Dr. Kristen Gerst, PT, DPT, OCS, CKTP has been promoted to Senior Therapist and is relocating to our Flatiron District location.  Dr. Allen Thompkins, PT, DPT and Dr. Seth McChesney, PT, DPT will be joining her at our Flatiron location.

Thomas Greene, PT, MSPT is Acting Director at our Wall Street location.

As always, Recovery Physical Therapy is committed to providing our patients with the highest level of care and an outstanding patient experience.  We are your partners in your musculoskeletal care.   We are excited about these staff changes and renewed energy as we head into 2019.  Congratulations to all!

Instrument Assisted Soft Tissue Massage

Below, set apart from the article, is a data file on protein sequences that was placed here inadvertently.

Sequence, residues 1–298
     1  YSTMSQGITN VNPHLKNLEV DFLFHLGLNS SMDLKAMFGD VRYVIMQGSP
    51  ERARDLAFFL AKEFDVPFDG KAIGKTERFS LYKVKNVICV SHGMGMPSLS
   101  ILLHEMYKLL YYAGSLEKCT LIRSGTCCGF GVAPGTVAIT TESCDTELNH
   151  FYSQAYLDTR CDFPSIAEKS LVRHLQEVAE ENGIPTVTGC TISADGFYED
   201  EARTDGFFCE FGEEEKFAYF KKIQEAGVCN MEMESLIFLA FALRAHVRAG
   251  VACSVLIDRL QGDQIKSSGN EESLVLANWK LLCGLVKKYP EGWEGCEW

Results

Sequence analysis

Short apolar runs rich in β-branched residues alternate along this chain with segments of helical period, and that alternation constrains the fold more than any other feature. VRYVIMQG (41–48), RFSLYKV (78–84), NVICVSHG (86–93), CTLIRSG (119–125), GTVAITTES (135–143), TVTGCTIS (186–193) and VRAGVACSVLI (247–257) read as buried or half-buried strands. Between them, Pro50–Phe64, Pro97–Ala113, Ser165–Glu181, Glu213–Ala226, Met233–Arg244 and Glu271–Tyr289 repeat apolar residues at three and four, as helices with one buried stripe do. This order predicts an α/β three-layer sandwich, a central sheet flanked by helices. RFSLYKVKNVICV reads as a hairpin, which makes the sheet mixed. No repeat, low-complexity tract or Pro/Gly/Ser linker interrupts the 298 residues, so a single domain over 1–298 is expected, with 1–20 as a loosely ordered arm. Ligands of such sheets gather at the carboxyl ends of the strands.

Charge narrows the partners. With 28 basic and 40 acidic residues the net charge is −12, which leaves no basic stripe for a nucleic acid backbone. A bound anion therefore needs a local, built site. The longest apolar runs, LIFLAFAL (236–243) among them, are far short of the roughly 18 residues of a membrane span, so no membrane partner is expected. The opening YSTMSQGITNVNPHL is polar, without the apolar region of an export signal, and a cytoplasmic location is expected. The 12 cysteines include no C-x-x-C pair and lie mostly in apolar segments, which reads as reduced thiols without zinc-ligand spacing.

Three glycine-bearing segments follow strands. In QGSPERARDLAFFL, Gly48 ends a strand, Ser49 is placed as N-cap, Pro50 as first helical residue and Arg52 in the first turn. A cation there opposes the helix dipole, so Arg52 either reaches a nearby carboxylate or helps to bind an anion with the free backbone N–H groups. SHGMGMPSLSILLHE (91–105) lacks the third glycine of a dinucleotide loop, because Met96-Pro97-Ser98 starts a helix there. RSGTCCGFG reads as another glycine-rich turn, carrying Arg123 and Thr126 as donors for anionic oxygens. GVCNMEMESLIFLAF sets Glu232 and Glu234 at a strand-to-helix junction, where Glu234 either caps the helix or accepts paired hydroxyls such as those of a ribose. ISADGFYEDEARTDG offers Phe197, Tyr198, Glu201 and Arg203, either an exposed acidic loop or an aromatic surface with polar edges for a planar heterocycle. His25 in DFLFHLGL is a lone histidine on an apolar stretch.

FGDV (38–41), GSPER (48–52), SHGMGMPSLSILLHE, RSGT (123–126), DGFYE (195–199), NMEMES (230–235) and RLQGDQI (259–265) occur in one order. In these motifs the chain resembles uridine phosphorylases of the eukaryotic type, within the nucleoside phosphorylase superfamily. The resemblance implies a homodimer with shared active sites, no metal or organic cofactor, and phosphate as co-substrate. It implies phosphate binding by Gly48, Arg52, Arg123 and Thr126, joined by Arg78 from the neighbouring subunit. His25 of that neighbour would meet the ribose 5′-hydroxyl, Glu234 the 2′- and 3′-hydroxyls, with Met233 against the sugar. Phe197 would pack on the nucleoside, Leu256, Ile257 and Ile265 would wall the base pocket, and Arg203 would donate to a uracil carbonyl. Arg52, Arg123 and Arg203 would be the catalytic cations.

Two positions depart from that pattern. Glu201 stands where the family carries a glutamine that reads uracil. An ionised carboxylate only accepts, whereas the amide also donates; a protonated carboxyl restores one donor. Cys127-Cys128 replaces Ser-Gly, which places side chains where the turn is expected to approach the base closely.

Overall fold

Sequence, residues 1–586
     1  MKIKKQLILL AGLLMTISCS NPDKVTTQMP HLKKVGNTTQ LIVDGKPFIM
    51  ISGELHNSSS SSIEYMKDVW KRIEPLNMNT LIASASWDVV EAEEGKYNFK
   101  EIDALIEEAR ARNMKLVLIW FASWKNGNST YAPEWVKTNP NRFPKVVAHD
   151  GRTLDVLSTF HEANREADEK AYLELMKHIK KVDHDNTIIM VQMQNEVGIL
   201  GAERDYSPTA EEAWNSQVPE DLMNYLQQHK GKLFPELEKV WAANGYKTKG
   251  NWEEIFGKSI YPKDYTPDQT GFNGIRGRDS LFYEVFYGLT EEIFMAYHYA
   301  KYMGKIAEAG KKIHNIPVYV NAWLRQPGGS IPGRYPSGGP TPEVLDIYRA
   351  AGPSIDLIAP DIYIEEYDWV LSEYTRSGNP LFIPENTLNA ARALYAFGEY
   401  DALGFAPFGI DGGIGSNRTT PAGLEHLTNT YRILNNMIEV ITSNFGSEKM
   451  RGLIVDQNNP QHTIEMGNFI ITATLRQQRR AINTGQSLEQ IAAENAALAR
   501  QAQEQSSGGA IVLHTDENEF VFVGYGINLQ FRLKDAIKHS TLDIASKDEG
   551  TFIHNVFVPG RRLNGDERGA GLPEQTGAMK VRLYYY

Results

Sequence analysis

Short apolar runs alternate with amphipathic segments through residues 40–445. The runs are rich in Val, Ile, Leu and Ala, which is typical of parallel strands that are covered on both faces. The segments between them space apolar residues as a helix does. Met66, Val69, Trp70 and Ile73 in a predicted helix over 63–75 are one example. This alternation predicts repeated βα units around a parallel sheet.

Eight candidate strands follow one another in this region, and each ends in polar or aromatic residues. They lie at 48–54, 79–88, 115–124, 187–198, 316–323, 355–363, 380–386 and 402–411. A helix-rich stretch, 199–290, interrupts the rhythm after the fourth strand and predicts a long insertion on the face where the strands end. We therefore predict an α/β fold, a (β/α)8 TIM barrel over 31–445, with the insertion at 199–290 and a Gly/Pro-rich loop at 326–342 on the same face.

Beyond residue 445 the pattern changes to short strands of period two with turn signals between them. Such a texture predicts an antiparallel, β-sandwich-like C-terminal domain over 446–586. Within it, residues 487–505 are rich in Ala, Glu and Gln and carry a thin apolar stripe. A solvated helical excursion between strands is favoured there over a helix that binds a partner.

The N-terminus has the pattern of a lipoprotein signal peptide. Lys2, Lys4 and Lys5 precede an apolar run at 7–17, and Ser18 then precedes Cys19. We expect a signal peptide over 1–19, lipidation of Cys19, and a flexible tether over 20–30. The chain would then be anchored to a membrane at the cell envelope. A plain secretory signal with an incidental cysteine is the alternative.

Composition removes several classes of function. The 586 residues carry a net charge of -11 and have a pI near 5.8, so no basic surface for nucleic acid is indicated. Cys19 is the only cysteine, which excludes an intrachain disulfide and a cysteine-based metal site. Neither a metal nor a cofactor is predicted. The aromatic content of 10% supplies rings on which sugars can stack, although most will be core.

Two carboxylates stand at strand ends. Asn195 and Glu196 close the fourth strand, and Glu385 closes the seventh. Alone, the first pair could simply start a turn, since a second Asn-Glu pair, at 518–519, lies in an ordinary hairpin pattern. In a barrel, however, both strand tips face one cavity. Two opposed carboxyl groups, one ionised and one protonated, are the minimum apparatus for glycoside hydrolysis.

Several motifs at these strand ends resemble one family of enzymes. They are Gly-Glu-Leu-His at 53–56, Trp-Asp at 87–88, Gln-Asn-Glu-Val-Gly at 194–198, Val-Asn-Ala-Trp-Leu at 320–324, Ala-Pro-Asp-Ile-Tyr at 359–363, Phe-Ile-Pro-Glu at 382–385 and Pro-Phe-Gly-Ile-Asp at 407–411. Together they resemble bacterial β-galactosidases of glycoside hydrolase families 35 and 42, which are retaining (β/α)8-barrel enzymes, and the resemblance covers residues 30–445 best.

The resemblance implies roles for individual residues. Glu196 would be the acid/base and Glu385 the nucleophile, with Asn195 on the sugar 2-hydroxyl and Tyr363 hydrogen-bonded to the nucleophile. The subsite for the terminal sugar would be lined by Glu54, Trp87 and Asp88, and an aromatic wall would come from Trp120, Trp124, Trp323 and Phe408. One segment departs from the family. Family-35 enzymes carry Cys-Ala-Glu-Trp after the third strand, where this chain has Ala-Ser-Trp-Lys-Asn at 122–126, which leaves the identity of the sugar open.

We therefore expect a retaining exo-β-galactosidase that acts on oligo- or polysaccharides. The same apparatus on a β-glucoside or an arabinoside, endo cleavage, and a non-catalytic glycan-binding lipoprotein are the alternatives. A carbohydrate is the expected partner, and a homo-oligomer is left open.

We are thrilled to offer Instrument Assisted Soft Tissue Massage at our Midtown East and Rockefeller Center offices.
Instrument Assisted Soft Tissue Massage is a manual therapy technique that directly effects irregular muscle and connective tissue that limits a person’s motion and strength as they move through their daily lives. With the instruments the therapist can use different grades of pressure and angles to promote a different outcome in the body. The tools can help control pain, decrease tightness, increase muscle activation, break up scar tissue, and increase neuromuscular coordination. Any patient could benefit from this treatment. The physical therapist will evaluate the patient for any restrictions or deficits, and they can target their treatments to help make improvements. Using the tools helps the physical therapist provide the body with the sensory information to allow the brain to make better connections with the muscles to work more efficiently.